Demand for housing remains strong as we enter the spring season, and renters are finding that it may cost them less to buy a home than to rent. But if you don't have a lot of cash and are looking to purchase your first home this year, you may find that you need less cash than you think.
It was standard to have 20% down to purchase a home 20 years ago. Today, putting down 20% does still give you the lowest possible payment in relationship to the cost of the house, but it is by no means a requirement, nor should it be thought of as the be-all and end-all for purchasing your first home.
The magic down payment amount you can have to purchase a home is — drumroll, please — 0%, no money down. You do not need a down payment to purchase a house. Alternatively, a 3%, or more common a 5%, down payment can help strengthen your offer. Also, a loan insured by the Federal Housing Administration requires a 3.5% minimum down payment. There are programs that can help get a first-time buyer in the door all with a 30-year fixed-rate payment containing no banking prepayment penalties or hidden terms. (Keep in mind that you're considered a first-time homebuyer if you've not owned a home in the past three years.)
Let's look at what other loan types require a low (or no) down payment.
1. USDA Mortgage
The U.S. Department of Agriculture allows people in less industrialized areas to purchase a home without putting any money down. You'll need the cash for closing costs or you can ask the seller for the credit for closing costs. The loan allows a buyer to purchase a home up to the conforming loan limit working with the standard $417,000 conforming loan size. As long as you can qualify, the program does not require a down payment.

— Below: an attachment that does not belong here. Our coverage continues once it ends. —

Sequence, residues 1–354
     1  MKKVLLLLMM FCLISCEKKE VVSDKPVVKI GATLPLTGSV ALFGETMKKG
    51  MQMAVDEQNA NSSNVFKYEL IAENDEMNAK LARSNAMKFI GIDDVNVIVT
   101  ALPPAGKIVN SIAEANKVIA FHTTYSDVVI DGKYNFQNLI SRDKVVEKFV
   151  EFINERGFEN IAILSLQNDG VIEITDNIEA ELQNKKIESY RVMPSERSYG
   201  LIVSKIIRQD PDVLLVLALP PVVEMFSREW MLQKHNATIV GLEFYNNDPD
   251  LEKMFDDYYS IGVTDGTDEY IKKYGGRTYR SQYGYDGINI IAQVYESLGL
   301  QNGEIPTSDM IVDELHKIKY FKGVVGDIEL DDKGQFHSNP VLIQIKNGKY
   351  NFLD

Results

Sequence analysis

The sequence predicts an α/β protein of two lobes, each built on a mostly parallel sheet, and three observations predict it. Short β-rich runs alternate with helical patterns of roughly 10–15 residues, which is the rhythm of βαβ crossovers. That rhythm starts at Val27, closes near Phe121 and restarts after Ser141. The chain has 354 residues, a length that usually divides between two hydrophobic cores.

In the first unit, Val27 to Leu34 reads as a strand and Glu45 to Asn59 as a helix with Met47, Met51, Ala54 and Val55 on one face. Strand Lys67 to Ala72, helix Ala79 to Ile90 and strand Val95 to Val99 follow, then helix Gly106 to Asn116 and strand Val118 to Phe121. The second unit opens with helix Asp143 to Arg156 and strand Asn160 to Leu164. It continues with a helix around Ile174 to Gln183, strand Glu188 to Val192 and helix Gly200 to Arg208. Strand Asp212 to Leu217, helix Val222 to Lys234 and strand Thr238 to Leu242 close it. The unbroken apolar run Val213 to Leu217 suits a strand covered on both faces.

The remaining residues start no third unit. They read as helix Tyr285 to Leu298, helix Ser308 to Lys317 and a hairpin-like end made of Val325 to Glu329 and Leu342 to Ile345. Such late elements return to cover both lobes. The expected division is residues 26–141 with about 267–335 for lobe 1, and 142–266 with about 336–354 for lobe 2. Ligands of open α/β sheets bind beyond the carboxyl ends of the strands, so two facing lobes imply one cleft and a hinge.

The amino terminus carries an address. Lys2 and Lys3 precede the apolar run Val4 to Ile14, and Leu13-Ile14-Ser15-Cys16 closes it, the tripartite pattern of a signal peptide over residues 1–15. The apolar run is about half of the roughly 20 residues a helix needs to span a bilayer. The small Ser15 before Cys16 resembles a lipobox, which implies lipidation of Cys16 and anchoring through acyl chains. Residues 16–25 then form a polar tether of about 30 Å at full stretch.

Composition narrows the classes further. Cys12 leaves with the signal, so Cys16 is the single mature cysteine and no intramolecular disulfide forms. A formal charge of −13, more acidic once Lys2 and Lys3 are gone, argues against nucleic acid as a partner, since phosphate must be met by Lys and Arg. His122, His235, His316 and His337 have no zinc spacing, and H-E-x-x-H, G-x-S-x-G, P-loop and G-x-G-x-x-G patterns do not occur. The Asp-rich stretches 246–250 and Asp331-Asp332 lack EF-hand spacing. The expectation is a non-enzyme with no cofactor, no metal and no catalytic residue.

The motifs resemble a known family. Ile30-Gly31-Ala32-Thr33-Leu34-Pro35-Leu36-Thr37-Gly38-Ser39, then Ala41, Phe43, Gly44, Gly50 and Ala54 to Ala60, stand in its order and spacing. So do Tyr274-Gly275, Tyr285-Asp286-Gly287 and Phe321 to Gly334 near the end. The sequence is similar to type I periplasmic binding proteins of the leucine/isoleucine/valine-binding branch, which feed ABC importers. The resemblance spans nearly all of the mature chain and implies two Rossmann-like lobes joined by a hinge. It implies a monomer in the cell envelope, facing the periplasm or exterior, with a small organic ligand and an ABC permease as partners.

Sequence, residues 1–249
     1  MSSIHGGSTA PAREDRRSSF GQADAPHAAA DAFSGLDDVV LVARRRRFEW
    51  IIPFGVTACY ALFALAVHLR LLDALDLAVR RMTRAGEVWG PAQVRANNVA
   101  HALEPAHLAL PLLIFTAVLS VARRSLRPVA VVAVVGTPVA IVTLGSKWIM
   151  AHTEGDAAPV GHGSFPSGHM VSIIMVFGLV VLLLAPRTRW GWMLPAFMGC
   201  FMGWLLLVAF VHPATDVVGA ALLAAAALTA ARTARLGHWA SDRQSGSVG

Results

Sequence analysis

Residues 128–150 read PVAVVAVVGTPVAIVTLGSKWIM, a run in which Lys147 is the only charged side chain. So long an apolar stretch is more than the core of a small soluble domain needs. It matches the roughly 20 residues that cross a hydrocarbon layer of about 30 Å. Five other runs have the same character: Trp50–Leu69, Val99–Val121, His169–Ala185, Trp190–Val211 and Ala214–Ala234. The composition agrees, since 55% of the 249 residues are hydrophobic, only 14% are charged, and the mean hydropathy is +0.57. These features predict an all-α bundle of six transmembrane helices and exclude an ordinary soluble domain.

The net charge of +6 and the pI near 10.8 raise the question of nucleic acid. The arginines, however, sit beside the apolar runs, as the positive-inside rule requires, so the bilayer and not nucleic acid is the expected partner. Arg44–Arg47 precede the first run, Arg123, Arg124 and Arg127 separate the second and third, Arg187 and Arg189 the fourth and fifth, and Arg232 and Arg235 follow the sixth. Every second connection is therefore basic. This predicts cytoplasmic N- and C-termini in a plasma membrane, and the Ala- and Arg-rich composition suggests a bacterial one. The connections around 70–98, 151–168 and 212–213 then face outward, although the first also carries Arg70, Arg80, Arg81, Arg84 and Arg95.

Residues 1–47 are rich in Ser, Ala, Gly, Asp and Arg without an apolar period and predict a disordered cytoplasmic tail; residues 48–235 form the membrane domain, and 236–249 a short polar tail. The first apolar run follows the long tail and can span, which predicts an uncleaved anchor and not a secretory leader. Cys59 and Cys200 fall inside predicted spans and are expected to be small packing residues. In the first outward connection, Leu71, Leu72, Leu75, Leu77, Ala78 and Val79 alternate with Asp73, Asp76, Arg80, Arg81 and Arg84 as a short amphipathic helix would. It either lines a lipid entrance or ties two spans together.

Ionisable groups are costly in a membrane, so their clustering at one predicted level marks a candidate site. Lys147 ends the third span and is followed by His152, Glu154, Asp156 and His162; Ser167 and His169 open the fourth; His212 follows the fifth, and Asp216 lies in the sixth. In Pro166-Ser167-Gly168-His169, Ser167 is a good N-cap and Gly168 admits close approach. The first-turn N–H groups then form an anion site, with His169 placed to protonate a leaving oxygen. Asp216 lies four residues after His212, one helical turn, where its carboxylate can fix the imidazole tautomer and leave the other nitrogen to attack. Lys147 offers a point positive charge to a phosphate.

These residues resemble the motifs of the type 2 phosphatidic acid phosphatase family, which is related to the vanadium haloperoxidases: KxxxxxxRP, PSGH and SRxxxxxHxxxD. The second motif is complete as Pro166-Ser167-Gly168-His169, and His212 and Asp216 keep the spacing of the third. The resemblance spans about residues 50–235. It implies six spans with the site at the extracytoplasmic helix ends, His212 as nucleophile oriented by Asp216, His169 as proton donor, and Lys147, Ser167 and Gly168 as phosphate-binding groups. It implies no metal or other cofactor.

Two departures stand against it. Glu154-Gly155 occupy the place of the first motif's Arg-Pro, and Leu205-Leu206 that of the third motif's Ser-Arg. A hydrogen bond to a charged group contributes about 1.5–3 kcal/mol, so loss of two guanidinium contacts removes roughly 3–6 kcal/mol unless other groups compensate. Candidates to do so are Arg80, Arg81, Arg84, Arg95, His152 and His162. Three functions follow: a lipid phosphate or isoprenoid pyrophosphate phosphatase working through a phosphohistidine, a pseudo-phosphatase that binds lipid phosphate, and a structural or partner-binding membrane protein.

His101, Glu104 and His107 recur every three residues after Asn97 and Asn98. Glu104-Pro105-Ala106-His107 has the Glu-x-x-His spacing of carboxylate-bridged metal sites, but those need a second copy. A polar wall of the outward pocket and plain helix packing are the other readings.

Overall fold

2. Conventional Mortgage
The more traditional mortgage loan program recently announced it will accept as little as 3% of the purchase price for a down payment. Similar to USDA, the qualifying standards with the 3% down option are more stringent than if you were working with the more common 5% down payment option. Investing 5% down will cast a wider net for you in the marketplace because of how much stronger you look on paper. And the 5% down option is available all the way up to a maximum conforming loan size of $417,000. If your loan amount exceeds $417,000 for single family home, you'll need at least 10% down with conventional financing as your loan considered to be conforming high balance, aka a "jumbo" loan.
3. FHA Mortgage
The FHA insures mortgage loans with as little as 3.5% down payment all the way up to the maximum conforming loan limit. The conforming loan limit does surpass $417,000 in several markets — for example, in Sonoma County, Calif., it's up to $520,950. The FHA has risen in popularity as the ability to qualify for such financing is incredibly lenient. The FHA routinely signs off on previous unfortunate circumstances including short sale, foreclosure or even bankruptcy in the last few years.
Don't Forget the Cash You'll Need for Closing